Captain, Would You Like Some Fuel System Icing Inhibitor?

Pilatus PC-12 N128CM fuel imbalance and divert options. Credit: NTSB report

Editor’s Note: This is the third of a four-part series on the automatic response “We can do that!” The better thought might be, “Should we do that?” Here is part one and part two.

I get the question now and then when ordering fuel: “With or without?” Some jets require a fuel system icing inhibitor (FSII) be added to the fuel. I am fortunate that my aircraft has built-in provisions to heat engine fuel, but I do have to keep an eye on it on cold days or at high altitudes. So my answer is almost always no, but I do consider it. Many fuel trucks can automatically dispense it, or you can add it manually. The last time I checked, a can of FSII will cost about $20 and will be sufficient to treat about 150 gal. of fuel. While it isn’t free, it seems pretty reasonable if it keeps your engines turning when the outside air temperature gets cold.

On March 22, 2009, a veteran Pilatus PC-12 pilot flew multiple legs from Redlands Municipal Airport, California (KREI) to Gallatin Field, Bozeman, Montana (KBZN). On the accident flight, the aircraft was loaded with 13 passengers, four more than authorized by the Pilatus AFM. The weather was good, but it was cold. The pilot did not request or was not seen to have added any type of fuel system icing inhibitor at his point of origin or any of the fuel stops along the way. The PC-12 AFM requires FSII be used for temperatures below 0C. Because standard temperature at 7,500 ft. is 0C and each of the aircraft’s cruise altitudes that day were above that altitude, an FSII would have been required for each leg.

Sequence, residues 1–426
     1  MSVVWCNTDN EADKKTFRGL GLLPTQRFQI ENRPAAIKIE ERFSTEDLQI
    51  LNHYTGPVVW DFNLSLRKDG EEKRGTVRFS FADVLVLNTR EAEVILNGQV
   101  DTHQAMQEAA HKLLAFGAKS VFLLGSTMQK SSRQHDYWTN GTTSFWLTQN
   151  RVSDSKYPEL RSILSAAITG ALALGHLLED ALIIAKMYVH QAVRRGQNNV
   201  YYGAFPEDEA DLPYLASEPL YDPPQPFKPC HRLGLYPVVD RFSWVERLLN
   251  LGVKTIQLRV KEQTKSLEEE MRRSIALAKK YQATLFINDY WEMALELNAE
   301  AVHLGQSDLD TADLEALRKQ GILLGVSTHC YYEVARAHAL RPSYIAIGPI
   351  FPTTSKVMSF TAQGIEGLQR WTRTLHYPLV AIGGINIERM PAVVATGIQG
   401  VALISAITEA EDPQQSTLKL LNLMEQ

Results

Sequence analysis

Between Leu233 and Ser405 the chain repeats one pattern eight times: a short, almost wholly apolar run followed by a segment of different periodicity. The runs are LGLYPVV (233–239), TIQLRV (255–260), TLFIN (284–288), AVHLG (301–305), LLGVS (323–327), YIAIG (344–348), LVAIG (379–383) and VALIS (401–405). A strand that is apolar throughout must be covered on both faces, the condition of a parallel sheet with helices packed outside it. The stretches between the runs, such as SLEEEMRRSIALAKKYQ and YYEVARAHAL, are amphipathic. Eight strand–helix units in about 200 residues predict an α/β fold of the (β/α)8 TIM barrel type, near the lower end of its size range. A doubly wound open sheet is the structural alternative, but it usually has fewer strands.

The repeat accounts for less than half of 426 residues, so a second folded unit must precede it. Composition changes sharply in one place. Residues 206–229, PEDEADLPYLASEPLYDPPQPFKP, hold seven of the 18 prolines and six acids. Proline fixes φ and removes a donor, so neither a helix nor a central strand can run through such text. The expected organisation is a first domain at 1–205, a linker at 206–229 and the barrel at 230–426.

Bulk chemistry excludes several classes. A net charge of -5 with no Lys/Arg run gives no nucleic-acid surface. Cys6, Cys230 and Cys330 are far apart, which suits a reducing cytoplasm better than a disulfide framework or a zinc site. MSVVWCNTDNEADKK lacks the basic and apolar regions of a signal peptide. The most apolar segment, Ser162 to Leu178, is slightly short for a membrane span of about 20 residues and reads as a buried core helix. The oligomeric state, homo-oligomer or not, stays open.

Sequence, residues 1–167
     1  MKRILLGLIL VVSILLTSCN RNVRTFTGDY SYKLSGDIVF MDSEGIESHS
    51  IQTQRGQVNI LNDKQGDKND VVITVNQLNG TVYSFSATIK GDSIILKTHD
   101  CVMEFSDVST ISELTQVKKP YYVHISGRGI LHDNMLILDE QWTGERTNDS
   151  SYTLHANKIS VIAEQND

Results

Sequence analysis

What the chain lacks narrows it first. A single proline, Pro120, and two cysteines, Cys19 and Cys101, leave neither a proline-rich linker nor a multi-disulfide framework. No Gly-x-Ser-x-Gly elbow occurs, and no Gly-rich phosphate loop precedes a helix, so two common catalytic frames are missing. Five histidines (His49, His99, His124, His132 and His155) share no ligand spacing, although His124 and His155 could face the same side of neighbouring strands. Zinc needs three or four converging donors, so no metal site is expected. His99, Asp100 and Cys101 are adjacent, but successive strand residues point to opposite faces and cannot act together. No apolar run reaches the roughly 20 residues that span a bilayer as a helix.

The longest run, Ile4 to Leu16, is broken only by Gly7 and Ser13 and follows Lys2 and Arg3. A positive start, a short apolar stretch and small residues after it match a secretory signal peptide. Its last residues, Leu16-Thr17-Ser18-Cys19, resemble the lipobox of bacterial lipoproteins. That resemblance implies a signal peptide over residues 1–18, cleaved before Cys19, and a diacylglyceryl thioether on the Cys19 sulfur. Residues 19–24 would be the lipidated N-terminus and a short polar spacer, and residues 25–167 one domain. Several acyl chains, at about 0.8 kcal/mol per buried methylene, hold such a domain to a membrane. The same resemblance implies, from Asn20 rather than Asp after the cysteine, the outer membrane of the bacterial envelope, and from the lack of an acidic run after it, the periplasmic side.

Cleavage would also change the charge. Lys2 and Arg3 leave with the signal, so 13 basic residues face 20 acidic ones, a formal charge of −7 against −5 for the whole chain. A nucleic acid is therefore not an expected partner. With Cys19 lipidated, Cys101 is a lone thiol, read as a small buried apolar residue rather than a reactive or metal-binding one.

The PC-12 has two fuel tanks, one in each wing, that feed the engine simultaneously. Each tank has a boost pump that automatically activates whenever the fuel pressure drops or in response to a fuel imbalance. Fuel in excess of the engine’s requirements is sent back to both tanks.

About 1 hr., 13 min. into the final flight, both fuel pumps began cycling due to low fuel pressure, evidently because of fuel icing in both tanks. The right tank managed to deliver more fuel than the left, creating a fuel imbalance. Five minutes later, the right pump ran continuously to correct the fuel imbalance. Three minutes later, fuel was being drawn solely from the right fuel tank. Because the right tank was delivering more fuel to the engine than it needed, excess fuel was returned to both tanks. The right tank was in effect feeding the left tank.

The fuel imbalance exceeded aircraft limitations about 1 hr. after takeoff and the AFM stated that the pilot should land the airplane as soon as practical in this situation. He instead passed several viable airports, still heading for his planned destination. It wasn’t until 30 min. later that he decided to divert, but he did not select the nearest viable airport. He instead chose Bert Mooney Airport, Butte, Montana (KBTM), presumably a more convenient option for his passengers. The aircraft remained controllable until the last minutes of the flight when the pilot lost control while maneuvering to land. The PC-12 impacted the ground short of the runway and everyone on board was killed.

We will never know why the pilot failed to add fuel system icing inhibitor, but we can surmise he bypassed several viable airports wanting to get his passengers to their intended destination.

James Albright

James is a retired U.S. Air Force pilot with time in the T-37B, T-38A, KC-135A, EC-135J (Boeing 707), E-4B (Boeing 747) and C-20A/B/C (Gulfstream III…